Clinical, Cosmetic and Investigational Dermatology

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Applications of hydroxy acids: classification,
mechanisms, and photoactivity
This article was published in the following Dove Press journal:
Clinical, Cosmetic and Investigational Dermatology
23 November 2010
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Andrija Kornhauser 1
Sergio G Coelho 2
Vincent J Hearing 2
US Food and Drug Administration
[retired], Annandale, VA, USA;
Laboratory of Cell Biology, National
Cancer Institute, National Institutes
of Health, Bethesda, MD, USA

Abstract: Hydroxy acids (HAs) represent a class of compounds which have been widely
used in a number of cosmetic and therapeutic formulations in order to achieve a variety of
beneficial effects for the skin. We review and discuss the most frequently used classes of these
compounds, such as α-hydroxy acids, β-hydroxy acids, polyhydroxy acids, and bionic acids,
and describe their applications as cosmetic and therapeutic agents. Special emphasis is devoted
to the safety evaluation of these formulations, in particular on the effects of their prolonged
use on sun-exposed skin. Furthermore, we summarize the very limited number of studies
dealing with the modifications evoked by topical application of products containing HAs on
photocarcinogenesis. In spite of the large number of reports on the cosmetic and clinical effects
of HAs, their biological mechanism(s) of action still require more clarification. Some of these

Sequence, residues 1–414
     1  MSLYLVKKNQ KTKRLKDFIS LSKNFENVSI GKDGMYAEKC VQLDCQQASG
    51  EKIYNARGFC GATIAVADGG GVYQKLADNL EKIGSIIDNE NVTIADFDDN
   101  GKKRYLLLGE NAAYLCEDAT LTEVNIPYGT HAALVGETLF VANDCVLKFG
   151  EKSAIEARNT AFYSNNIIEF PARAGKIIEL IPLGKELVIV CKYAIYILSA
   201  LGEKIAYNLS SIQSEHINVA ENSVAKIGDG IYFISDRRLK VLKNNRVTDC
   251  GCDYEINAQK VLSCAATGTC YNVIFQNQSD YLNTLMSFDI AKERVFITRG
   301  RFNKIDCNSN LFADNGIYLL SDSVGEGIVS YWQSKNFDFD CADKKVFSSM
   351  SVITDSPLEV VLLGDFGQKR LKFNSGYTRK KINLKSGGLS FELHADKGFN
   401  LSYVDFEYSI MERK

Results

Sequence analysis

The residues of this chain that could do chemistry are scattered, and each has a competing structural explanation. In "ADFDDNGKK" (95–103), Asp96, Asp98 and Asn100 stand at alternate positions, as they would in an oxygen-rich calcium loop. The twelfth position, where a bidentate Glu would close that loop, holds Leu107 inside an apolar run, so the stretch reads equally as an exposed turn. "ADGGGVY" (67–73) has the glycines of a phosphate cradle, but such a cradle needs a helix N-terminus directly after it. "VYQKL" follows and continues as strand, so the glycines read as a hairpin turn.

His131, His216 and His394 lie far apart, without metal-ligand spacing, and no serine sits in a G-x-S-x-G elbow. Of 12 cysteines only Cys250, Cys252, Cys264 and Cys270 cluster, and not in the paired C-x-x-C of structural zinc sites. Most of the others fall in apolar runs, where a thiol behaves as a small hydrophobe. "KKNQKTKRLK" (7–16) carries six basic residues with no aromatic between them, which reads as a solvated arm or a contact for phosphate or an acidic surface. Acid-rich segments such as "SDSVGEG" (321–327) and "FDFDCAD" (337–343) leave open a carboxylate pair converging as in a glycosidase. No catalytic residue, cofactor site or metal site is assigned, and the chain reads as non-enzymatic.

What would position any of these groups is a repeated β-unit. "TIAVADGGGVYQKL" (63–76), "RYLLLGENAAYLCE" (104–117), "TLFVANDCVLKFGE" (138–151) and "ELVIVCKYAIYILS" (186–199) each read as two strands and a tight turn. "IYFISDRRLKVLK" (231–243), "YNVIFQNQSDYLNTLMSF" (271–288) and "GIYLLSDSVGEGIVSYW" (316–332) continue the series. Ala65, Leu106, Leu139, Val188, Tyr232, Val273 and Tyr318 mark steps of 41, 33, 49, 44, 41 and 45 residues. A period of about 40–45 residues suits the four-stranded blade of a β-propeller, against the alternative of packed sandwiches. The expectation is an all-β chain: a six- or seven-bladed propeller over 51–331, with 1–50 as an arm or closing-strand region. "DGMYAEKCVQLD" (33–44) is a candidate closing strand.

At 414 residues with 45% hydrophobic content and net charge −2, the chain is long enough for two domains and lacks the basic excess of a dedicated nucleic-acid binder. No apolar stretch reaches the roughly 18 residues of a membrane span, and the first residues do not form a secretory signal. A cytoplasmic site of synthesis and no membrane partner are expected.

mechanisms are discussed in this article along with important findings on the effect of HAs
on melanogenesis and on tanning. We also emphasize the important contribution of cosmetic
vehicles in these types of studies. Thus, HAs play an important role in cosmetic formulations,
as well as in many dermatologic applications, such as in treating photoaging, acne, ichthyosis,
rosacea, pigmentation disorders, and psoriasis.
Keywords: hydroxy acids, glycolic acid, salicylic acid, UV, erythema, cosmetics


Correspondence: Andrija Kornhauser
4517 Pinecrest Hgts Dr, Annandale,
VA 22003, USA
Tel +1 703 941 4221

submit your manuscript |

DOI: 10.2147/CCID.S9042

Formulations containing hydroxy acids (HAs) have been used in clinical practice
for decades to treat a variety of skin conditions. The most prominent representatives
in this class of compounds are glycolic acid, lactic acid, and salicylic acid (SA)
­(Figure 1). HA have transformed skin care since their introduction to dermatology.1
They have been used, typically in concentrations ranging from 2% to 70%, to treat
acne, ichthyosis, keratoses, warts, psoriasis, photoaged skin, and other disorders.2
In the last three decades, α-hydroxy acids (αHAs) have been widely incorporated